March 17, 2016
Marco Rubio had won 169 delegates when he suspended his campaign earlier this week; other candidates had won 15*. The disposition of these delegates may end up being important if no candidate reaches the required 1,237 to win the Republican nomination.
As with most delegate-related issues, it turns out the answer varies by state. We found this very helpful infographic in today's Wall Street Journal that lays it out nicely. (The graphic is on page A4 of the paper; we haven't been able to find it online except in the WSJ ereader ).
The graphic displays the four methods for what happens to these 184 delegates through the first round at the convention. Those are listed below, along with a couple notes.
- Delegates are bound to the candidate (39 of the 184): Iowa is one of the states with this method; all but five of the non-Rubio delegates are in this category.
- Candidate can keep or release delegates (42): Rubio controls 40 of these; Carson two. Carson has endorsed Donald Trump.
- Delegates become free agents (98): If you're one of these people, you'll likely be hearing from the campaigns.
- Delegates get re-allocated proportionately (5): Alaska only; depending on exact rounding rules, either Trump or Cruz will get three of these, with the other getting two. Kasich finished below the 13% threshold to qualify. Update: Trump was allocated 3, Cruz 2. Update 2: Rubio's request for the return of these five delegates was granted.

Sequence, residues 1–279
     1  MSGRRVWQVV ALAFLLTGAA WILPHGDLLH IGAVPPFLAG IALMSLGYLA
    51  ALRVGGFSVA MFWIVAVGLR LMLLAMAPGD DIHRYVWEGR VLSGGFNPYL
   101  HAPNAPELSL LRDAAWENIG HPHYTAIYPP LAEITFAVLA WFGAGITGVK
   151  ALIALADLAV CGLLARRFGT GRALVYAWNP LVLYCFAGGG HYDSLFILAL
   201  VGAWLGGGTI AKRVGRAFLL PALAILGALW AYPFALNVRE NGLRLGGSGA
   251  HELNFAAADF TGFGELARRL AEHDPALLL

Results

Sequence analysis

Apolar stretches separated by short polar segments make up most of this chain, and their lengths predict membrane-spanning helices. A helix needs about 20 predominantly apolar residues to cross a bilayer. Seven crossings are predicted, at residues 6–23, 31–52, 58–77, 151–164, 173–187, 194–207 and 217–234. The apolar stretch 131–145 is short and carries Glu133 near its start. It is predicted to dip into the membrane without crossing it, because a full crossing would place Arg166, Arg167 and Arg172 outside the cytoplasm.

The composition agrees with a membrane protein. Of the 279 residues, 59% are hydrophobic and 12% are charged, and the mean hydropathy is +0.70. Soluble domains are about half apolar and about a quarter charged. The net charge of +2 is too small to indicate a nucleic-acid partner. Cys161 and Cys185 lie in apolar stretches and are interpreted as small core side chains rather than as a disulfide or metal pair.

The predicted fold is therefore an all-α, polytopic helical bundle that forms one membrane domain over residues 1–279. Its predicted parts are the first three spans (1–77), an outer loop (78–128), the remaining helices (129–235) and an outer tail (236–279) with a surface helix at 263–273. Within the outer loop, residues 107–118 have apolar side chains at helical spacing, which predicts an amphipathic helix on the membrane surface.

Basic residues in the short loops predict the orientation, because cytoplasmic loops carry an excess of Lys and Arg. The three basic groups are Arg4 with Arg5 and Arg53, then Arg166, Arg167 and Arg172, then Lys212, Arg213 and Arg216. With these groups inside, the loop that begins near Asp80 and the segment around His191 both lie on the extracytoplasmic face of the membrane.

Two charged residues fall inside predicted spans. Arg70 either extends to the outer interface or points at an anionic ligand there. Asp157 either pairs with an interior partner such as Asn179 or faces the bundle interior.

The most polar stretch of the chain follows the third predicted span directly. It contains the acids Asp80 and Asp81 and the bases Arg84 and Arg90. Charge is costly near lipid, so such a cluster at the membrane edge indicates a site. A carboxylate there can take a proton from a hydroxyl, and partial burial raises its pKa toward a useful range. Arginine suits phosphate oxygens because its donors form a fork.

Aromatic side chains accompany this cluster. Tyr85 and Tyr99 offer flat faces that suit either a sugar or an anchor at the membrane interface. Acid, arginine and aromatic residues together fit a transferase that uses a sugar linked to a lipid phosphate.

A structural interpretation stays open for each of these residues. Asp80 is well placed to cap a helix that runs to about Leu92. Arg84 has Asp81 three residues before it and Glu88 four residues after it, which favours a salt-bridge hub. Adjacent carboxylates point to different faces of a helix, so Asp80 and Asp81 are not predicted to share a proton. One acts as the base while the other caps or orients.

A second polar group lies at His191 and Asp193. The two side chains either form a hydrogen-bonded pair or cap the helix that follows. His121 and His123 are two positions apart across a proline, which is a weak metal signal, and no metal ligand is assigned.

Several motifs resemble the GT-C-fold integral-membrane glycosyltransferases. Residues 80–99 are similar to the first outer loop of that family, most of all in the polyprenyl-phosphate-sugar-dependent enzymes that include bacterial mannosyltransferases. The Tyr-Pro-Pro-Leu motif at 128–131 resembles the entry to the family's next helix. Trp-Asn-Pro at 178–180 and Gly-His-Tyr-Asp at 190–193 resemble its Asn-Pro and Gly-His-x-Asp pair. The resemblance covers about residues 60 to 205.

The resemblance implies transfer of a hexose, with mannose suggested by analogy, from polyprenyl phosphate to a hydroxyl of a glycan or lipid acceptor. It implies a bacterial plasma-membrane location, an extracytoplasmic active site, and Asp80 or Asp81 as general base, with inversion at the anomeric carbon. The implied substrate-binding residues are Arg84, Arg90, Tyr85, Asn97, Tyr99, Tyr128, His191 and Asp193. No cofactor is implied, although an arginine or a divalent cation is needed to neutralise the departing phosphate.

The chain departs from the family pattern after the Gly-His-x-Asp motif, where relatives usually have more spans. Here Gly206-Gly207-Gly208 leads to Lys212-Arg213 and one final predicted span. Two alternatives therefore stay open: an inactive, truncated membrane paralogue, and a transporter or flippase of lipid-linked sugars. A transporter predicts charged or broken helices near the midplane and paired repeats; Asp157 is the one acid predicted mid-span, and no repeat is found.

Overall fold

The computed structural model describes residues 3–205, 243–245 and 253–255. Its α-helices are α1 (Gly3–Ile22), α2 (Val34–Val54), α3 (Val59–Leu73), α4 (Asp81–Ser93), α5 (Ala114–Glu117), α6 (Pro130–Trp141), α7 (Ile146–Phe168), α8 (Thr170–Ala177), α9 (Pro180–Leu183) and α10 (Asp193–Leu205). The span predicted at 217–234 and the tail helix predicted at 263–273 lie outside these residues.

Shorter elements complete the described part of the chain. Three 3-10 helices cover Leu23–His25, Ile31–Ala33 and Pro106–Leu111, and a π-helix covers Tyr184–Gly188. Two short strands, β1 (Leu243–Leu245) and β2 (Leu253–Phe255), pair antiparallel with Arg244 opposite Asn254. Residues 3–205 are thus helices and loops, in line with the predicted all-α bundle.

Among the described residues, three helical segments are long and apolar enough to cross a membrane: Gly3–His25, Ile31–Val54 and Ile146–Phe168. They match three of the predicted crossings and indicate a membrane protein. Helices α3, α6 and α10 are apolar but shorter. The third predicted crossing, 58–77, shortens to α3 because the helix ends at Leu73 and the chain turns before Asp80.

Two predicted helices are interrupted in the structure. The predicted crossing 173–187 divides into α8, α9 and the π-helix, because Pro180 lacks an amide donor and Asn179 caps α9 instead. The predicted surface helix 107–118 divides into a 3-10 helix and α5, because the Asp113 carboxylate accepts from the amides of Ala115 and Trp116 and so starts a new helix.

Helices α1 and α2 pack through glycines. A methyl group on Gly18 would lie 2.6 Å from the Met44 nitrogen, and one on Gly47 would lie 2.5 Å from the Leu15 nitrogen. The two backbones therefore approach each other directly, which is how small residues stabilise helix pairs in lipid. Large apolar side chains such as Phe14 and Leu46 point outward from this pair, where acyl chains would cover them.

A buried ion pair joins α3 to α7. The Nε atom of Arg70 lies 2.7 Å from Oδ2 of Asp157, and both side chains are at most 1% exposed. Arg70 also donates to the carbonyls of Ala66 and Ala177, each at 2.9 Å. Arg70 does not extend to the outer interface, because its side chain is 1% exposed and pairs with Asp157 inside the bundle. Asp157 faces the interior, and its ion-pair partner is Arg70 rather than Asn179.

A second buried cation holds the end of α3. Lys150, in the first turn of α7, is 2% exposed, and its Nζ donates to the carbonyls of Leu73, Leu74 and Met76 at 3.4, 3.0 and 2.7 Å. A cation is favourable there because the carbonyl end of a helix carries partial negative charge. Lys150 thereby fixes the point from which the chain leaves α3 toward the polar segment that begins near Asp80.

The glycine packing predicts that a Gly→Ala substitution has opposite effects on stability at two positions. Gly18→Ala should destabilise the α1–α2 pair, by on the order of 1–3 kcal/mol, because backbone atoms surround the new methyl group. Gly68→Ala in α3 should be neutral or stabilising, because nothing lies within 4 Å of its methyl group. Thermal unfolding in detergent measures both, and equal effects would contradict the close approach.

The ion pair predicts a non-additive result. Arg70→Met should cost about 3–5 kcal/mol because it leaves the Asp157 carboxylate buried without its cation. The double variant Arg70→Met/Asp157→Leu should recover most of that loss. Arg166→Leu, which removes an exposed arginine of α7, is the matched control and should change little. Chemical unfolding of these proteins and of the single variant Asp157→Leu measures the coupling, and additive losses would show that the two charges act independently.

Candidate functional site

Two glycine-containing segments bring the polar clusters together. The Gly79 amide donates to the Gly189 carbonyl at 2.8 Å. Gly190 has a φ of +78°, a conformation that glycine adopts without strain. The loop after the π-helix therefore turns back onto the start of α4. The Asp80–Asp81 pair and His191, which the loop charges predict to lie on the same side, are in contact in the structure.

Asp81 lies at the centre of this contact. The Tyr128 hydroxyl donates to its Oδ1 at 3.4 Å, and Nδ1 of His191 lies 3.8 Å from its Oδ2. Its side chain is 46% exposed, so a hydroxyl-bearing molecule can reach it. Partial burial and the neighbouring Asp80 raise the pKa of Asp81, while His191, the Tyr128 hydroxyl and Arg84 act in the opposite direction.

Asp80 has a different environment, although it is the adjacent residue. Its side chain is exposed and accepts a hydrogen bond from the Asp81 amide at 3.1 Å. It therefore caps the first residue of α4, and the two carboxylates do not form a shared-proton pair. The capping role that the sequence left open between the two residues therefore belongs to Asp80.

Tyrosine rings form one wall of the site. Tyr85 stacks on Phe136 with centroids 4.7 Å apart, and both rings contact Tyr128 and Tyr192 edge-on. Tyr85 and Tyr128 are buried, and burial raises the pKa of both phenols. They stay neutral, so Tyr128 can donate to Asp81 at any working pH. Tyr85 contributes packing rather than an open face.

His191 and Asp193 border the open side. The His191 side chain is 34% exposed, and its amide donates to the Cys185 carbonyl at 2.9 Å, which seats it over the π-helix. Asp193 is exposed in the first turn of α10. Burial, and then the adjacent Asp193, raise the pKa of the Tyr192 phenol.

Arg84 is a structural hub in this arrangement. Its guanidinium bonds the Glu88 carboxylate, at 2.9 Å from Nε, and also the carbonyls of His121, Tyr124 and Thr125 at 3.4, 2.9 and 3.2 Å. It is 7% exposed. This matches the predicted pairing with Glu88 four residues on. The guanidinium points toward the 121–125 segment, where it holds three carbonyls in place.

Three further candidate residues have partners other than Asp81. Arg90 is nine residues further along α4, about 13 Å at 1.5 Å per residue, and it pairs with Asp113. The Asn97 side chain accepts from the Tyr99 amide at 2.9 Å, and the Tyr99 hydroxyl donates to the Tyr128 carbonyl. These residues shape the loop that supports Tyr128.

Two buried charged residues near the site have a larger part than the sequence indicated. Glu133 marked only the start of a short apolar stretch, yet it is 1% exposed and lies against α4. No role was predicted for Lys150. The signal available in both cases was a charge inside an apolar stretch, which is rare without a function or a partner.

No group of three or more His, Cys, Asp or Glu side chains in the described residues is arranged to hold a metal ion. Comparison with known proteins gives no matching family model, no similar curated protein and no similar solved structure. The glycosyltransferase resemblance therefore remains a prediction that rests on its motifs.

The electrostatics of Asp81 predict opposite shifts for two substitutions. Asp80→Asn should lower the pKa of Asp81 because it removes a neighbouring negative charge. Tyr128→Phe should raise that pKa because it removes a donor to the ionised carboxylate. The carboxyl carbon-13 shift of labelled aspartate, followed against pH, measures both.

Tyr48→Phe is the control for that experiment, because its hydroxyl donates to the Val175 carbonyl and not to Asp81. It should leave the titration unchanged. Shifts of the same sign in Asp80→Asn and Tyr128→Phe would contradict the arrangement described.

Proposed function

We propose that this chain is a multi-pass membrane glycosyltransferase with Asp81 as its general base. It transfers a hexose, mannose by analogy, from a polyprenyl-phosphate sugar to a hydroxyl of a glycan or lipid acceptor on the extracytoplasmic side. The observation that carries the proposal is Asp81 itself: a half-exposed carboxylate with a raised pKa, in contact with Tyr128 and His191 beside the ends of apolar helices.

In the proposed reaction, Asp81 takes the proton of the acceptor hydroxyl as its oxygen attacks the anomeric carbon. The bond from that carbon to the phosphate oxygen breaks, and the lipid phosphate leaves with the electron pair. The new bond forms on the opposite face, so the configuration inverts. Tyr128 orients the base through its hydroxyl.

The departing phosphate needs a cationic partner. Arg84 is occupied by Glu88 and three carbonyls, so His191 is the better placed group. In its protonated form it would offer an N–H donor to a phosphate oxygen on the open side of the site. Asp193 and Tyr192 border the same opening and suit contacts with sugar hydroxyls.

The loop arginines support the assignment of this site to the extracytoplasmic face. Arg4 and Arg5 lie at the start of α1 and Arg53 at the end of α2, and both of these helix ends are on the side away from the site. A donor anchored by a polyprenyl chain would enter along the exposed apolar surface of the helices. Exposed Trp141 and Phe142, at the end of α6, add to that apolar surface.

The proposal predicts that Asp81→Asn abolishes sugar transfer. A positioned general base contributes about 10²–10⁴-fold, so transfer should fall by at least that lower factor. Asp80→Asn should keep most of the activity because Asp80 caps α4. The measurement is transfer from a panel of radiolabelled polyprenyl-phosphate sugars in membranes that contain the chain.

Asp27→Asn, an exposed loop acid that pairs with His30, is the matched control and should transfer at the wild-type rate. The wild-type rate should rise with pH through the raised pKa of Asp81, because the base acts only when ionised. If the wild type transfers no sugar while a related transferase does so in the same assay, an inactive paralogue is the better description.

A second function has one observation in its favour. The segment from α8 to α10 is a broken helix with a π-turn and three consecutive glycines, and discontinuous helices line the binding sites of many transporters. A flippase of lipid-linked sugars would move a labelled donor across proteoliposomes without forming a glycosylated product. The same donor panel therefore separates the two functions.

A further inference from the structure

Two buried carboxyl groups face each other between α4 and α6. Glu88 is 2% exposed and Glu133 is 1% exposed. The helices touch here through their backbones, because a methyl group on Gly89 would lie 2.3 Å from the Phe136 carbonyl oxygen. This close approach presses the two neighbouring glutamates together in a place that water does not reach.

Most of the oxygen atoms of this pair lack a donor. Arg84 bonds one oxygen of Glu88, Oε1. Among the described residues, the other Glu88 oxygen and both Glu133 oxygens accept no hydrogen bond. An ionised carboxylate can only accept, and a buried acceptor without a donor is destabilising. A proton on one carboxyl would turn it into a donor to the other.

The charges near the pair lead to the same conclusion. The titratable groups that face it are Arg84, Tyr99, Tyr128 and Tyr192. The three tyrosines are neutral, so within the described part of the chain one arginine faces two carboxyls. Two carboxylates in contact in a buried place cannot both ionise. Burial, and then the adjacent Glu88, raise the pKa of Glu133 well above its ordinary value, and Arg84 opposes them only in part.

For more coverage of the campaign from The Wall Street Journal, visit their online politics section.
*Carson 8; Bush 4; Fiorina, Huckabee, Paul 1 each
At the presidential level, the Magnolia State has voted for only one Democratic nominee since 1960. The population demographics drive remarkably consistent results every four years.
Rescheduled from April 4, this party primary was conducted exclusively by mail
15 seats were updated, 7 of which moved to safe for the November elections
This far out, polling may be of limited predictive value, but it will become more and more relevant as November draws closer
Having a long history of conducting elections by mail, the state was able to keep its original May 19 primary date. Live results for contested presidential and congressional contests